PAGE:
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Architecture Photos Were Worth a Shot : His Parents Are Noted for Portraiture, but Erig Figge Branched Out Into Buildings

September 22, 1992|JOHN O'DELL | TIMES STAFF WRITER

NEWPORT BEACH — When the building industry honored the best in the West earlier this year, the winners varied widely--from luxury office towers and palatial homes to affordable condominiums.

But with all the differences, many of the winners had one other thing in common--the photographs in their contest portfolios were done by the same person.

The shooter? Eric Figge, youngest son of famed portrait photographers Bill and Melba Figge. The score? He shot the portfolios for 31 of the 230 winning entries in the 1992 Gold Nugget awards, presented in May at the California Building Assn.'s annual conference in San Francisco.

Figge, 35, laughingly acknowledges that he is the black sheep of a family whose photography business was begun in 1945 in Glendale and moved to Orange County when the patriarch died in 1976.

For the Record
Los Angeles Times Thursday September 24, 1992 Orange County Edition Business Part D Page 2 Column 6 Financial Desk 2 inches; 40 words Type of Material: Correction
Architectural photos--A caption in Tuesday's Business section misidentified a home shown in photographs accompanying a story on architectural photographer Eric Figge. The home in the Belcrest housing development in Mission Viejo was built by Lake Forest-based Signature Homes.

For while the Figge name is renowned for fine portraiture, Eric branched out in 1980 to specialize in architectural photography.

While his mother, sister Leslie Figge Chatillon and brothers Greg and Stephan keep the family business going at the Figge Photography studio in Newport Beach's tony Fashion Island, Eric Figge and his two full-time employees work out of a nondescript 1960s office flat on Campus Drive across from Orange County's John Wayne Airport.

In a community and a business where sizzle sells, the plebeian surroundings are a shock to some of Figge's visitors. A dirt-encrusted, guano-spotted old Mercedes-Benz, for instance, does sentinel duty in the parking lot, stripped of tires and propped on concrete blocks.

The inexpensive blue-collar setting hasn't been a problem. Builders don't lug their model homes to Figge anyway; he loads his equipment into a specially equipped van and goes to them. And, despite the three-year slump in the region's building business, he goes to them a lot.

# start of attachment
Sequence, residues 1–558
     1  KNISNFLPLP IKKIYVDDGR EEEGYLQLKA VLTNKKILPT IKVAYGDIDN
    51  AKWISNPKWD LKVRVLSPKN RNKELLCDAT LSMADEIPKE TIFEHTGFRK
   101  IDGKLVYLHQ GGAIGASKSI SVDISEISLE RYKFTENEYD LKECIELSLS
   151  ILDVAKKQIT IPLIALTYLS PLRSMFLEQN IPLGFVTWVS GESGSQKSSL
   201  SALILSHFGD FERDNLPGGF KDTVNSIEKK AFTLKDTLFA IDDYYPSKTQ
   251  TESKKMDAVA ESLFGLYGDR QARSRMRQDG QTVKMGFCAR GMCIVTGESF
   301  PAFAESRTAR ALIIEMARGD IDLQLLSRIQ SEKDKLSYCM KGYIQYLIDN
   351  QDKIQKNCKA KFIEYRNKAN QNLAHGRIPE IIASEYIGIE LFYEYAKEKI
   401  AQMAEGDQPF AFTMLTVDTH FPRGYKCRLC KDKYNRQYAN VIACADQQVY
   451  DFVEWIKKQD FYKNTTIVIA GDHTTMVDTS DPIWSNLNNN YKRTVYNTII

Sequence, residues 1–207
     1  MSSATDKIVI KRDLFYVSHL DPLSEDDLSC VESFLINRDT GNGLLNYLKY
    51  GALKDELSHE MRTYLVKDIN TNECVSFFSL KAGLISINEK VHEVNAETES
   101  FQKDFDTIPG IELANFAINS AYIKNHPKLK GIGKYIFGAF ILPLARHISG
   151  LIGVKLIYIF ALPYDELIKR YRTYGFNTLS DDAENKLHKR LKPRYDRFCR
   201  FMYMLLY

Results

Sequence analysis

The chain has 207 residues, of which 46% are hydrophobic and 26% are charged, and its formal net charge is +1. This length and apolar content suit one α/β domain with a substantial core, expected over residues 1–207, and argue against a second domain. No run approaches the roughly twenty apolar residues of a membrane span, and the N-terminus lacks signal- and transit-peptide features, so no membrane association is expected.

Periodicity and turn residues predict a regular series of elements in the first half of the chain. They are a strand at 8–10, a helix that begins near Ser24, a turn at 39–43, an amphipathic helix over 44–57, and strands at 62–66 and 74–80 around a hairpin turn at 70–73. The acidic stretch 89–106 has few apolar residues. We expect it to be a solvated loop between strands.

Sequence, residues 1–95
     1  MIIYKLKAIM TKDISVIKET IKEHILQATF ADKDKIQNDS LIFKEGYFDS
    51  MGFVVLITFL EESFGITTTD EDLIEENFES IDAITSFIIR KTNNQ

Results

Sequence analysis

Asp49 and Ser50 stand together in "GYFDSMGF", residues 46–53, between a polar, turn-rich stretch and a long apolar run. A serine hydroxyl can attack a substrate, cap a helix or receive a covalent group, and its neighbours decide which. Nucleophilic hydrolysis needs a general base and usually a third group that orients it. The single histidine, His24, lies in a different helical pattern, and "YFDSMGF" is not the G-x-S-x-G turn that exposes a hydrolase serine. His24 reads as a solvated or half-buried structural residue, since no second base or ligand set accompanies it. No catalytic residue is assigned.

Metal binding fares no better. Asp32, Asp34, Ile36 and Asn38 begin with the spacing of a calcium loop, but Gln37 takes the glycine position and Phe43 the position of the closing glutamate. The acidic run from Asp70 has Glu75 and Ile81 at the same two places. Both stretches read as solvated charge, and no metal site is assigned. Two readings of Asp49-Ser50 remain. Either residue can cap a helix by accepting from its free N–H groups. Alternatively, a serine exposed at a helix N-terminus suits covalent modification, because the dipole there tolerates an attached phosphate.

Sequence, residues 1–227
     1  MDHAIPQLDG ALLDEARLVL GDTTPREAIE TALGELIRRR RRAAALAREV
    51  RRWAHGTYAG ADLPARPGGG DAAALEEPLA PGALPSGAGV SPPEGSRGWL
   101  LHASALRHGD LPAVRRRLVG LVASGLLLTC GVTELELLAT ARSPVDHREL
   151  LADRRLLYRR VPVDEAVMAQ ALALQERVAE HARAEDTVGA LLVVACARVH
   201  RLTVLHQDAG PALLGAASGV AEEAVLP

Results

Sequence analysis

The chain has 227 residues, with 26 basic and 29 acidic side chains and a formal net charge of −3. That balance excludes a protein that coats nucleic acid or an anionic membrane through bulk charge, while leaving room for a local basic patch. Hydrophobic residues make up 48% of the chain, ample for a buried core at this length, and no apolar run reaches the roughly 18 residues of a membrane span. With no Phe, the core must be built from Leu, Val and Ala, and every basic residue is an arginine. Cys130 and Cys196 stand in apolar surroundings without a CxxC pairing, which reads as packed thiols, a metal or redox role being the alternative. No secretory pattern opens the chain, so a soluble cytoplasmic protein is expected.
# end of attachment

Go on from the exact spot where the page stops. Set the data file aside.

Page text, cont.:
Eric Figge Photography has grown into one of the leading architectural photography firms in Southern California, one of a dozen companies that Orange County builders and their advertising agencies seek out for bids when they have a new project to shoot.

Although Figge acknowledges that business isn't as good as during the height of the Southland building boom in 1988 and 1989, it hasn't been all that bad, either. "We're actually busier this year than we were last year," he said.

While a number of smaller builders have folded and bigger companies have pared back their activities, many of those that remain active are spending more money than ever on advertising--and that means photographs. Because the images that they use to sell their products are so important, the builders, interior designers and architects are willing to pay top dollar for the kind of work that top-of-the-line photographers provide.

Figge would not provide a price list "because, in this economy, everything is negotiable," he said. He did give an example: His minimum half-day fee for a single architectural exterior photograph is $900.

Half-day work is rare in his business, however. For a recent exterior shot of a model at Bramalea of California's Newport Coast development--where homes range in price from $1.2 million to more than $2 million, Figge and two assistants spent eight hours, most of it in the small hours of the morning, installing and testing the lighting.

The resulting picture, shot just as the rising sun began backlighting a strip of thin cirrus clouds above the model, helped Bramalea to capture the 1992 Gold Nugget for detached home of the year and is featured in the company's print advertising and brochures.

"We set up more than 30 lights for that shot," Figge said.

A hallmark of his work is the lighting--and the shadows that lighting produces. One of his first clients, he said, requested that he "make it dramatic." Figge found that he could best achieve that by contrasting light with shadow, thus giving the illusion of depth to the two-dimensional medium in which he works

"That's what a lot of people, including some of the builders and architects I have worked with, don't understand. They see things in three dimensions, but the camera doesn't," he said.

His talent, shared by others at the top of the photographer's profession, is to translate what is seen in three dimensions to something that works in two.

A client, for example, might pause in the foyer of an elegantly decorated model home, point dramatically into the living room and announce that this is the only view that will sell his homes.

"Then I look around and might see that, while it looks great to the eye, it won't work through a lens," Figge said. "Maybe the staircase is in the way or the lighting will make everything look flat. So I have to find a place--maybe it's behind the couch--to shoot from that will provide a picture that tells the same story the builder sees when he walks through the front door."

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